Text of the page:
A common misconception in today’s world is that treatment is reserved only for people who call themselves addicts or alcoholics, or worse yet, that you need to hit rock bottom to go there. I am here to tell you that’s just not true. Addiction treatment is beneficial for anyone and everyone who needs it.
Addiction is a spectrum and we need to throw out the idea that you need to be homeless, lose everything, or be drinking in the morning in order to benefit from attending treatment. I’ve spoken to many people in my life who believe their drinking or using “isn’t that bad,” because of the way society views addiction and substance users. If you feel like you’re having negative consequences from your drinking, if it’s making you feel bad, or it’s interfering with your life at all, that is reason enough to stop. Any reason to stop is enough and getting help from treatment is one way to do so.
Another common misconception about addiction treatment is that it’s only for people who need to physically detox from substances. Of course, treatment is a place where helping ease the pain of physical withdrawal is a part of the program, but it’s not the only thing addiction treatment is for. Just because you aren’t physically addicted to substances doesn’t mean you can’t benefit from treatment. Addiction treatment provides more than medical care. Treatment is a place where someone can get a full mental health check. If there is another symptom contributing to your addiction like anxiety, depression, bipolar disorder, or an eating disorder, addiction treatment can also provide treatment for these co-occurring issues. Identification of all things that are contributing to your health is imperative for you to get better.
Additionally, addiction treatment offers a wide variety of therapies. It’s not all 12-step meetings and talks therapy. While those are great and work for many people, other people may need alternative therapies like acupuncture, hypnotherapy, yoga, or meditation. Treatment centers also provide resources for aftercare support. Treatment is a wonderful environment to build support, coping skills, and life lessons that you might not have had before, but one of the most advantageous parts is the departing support they leave you with. When you go out into the real world, you’ll have a plan on how to stay sober and navigate the world without substances. What you learn in treatment will remain a part of your future for years to come.
Perhaps the best part of addiction treatment is that it provides structure and an environment dedicated specifically to you taking care of yourself. We live in a society that prides itself on being busy, achieving the most you can in the shortest amount of time, and where sleep isn’t a priority because productivity is king. It’s no wonder that alcohol becomes a coping mechanism for so many people, we become addicted, and then we don’t want to admit we need help. Many times, we need to be taught how to take care of ourselves, how to find work-life balance, and how to live a life without using substances to cope.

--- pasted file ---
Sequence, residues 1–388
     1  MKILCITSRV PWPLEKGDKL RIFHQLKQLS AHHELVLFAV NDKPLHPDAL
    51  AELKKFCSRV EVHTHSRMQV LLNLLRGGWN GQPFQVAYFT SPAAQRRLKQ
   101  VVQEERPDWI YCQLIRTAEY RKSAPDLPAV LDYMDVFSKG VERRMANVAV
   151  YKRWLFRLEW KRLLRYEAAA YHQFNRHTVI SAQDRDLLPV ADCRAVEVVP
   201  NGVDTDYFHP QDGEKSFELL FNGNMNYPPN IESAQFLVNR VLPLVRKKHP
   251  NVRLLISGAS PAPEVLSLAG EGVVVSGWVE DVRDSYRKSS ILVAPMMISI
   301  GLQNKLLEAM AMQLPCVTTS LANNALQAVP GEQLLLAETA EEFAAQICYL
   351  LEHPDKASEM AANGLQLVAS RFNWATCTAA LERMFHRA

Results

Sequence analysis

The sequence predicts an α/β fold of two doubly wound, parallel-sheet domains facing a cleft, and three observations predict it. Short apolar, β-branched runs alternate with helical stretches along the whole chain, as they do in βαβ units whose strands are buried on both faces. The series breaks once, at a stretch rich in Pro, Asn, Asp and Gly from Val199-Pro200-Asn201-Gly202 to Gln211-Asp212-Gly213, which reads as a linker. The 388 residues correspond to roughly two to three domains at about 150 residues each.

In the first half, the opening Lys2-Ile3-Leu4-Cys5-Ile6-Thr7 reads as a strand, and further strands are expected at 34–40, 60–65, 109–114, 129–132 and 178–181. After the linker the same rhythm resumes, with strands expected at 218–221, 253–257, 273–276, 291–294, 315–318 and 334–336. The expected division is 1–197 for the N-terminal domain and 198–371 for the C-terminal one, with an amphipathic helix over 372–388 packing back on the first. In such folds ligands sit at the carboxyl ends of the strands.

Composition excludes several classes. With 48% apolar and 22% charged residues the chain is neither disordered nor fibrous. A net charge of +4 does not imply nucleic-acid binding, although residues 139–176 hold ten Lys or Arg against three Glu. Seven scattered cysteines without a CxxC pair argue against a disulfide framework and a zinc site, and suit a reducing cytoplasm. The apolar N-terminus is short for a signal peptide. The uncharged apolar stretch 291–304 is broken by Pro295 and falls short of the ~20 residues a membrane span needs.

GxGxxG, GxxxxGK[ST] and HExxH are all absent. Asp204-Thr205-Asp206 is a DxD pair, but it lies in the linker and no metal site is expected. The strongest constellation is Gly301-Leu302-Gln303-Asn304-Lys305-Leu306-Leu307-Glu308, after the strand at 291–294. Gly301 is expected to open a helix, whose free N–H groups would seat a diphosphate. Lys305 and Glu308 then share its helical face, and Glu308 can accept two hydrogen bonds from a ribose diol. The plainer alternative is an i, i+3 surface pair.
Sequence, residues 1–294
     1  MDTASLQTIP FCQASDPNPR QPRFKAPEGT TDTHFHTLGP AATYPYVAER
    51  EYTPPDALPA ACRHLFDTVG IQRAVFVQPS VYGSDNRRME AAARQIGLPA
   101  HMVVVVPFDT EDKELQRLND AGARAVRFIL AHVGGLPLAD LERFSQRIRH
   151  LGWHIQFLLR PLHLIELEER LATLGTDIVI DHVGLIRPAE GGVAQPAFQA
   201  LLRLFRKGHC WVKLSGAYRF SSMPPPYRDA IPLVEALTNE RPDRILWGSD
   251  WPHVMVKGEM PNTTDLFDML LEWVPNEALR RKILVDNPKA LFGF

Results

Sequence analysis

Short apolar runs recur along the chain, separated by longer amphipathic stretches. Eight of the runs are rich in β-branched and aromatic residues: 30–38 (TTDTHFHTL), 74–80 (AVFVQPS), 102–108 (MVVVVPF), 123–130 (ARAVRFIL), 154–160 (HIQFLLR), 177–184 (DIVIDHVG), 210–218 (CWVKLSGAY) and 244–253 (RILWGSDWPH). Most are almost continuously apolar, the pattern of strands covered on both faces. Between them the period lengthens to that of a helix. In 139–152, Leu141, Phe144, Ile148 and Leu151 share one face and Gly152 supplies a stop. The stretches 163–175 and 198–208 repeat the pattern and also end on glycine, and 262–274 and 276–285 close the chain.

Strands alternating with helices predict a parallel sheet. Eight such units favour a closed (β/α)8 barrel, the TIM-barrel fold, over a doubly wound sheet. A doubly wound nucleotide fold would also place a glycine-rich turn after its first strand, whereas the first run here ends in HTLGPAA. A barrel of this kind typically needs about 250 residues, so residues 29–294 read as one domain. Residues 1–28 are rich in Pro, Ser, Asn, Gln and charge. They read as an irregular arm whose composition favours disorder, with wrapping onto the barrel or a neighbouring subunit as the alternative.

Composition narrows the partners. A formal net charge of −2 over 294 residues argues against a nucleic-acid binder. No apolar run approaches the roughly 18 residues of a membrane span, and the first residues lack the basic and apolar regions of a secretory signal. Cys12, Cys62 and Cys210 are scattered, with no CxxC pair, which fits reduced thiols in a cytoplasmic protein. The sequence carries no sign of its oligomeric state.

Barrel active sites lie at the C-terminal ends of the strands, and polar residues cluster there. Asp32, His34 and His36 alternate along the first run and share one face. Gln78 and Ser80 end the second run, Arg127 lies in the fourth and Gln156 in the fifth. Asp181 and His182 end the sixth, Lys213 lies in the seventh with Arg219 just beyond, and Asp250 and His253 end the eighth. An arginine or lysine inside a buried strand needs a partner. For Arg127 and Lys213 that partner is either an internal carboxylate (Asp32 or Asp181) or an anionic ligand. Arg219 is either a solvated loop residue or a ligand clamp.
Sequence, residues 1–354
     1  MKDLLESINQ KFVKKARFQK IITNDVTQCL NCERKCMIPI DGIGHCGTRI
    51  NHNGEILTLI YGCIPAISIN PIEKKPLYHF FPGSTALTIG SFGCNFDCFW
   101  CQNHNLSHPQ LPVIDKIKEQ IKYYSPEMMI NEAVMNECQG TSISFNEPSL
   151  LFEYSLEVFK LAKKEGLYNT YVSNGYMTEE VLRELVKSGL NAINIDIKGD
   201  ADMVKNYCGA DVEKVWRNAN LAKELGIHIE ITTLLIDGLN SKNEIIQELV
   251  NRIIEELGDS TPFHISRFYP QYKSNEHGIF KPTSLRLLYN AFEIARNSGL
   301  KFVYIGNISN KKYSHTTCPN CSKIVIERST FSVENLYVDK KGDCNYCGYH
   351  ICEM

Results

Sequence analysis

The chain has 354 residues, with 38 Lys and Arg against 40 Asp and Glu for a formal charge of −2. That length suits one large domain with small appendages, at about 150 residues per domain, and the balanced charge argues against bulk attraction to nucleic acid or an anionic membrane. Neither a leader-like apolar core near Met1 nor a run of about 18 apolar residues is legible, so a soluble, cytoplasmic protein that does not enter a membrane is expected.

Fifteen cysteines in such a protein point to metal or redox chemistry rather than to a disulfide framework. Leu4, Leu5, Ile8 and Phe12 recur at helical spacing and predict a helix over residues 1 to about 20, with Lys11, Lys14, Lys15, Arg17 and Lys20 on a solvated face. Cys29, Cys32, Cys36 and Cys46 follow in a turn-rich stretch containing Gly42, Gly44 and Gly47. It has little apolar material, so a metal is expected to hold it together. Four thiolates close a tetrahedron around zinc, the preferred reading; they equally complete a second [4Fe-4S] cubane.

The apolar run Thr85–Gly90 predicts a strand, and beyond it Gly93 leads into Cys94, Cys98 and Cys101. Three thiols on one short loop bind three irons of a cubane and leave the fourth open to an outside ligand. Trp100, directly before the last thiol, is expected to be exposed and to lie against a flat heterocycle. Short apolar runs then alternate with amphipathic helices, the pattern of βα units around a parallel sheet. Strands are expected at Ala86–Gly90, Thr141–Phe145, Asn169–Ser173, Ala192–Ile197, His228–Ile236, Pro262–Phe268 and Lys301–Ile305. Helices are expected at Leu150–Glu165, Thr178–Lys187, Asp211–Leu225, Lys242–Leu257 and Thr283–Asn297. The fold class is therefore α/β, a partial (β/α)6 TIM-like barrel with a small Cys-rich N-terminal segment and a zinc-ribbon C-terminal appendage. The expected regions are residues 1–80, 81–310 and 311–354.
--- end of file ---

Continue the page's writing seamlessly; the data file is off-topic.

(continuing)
Addiction treatment can teach us how to do this. Stigma tells us we don’t need it. Stigma tells us that there’s something wrong with us if we want to ask for help. Stigma tells us that if we aren’t losing everything, we aren’t misusing alcohol. The reality is everyone can benefit from structure. Going to treatment can teach you how to connect to people again, how to form healthy relationships, how to function, and be a supportive human being without the help or crutch of alcohol. Everyone can benefit from learning healthy ways to cope, learning how to set goals for your life, and removing the barriers that currently block you from living a healthy, fulfilling life.
Here’s what you need to know: if alcohol or drugs make you feel bad, if you get nasty hangovers, if you feel like less of a person, if you feel like you can’t manage your life, or if you feel like crap the day after drinking, you can benefit from addiction treatment. You don’t have to hit the proverbial “rock bottom,” or get arrested, or get kicked out of your house, or lose all of your belongings, or break-up with your significant other.
Anyone who feels like they want to change their relationship to alcohol or drugs will find a safe haven and a place to heal at addiction treatment. It’s important that we continue to break the stigma of addiction and recovery, and this includes the stigma around seeking out and accepting addiction treatment.
Kelly Fitzgerald Junco
Kelly Fitzgerald Junco is a sober writer based in Southwest Florida who is best known for her personal blog The Adventures of a Sober Señorita. Her work has been published across the web including sites like The Huffington Post, Thought Catalog, Ravishly, SheKnows, Elite Daily, The Fix, Brit + Co, Addiction Unscripted and AfterPartyMagazine. She is currently writing a memoir.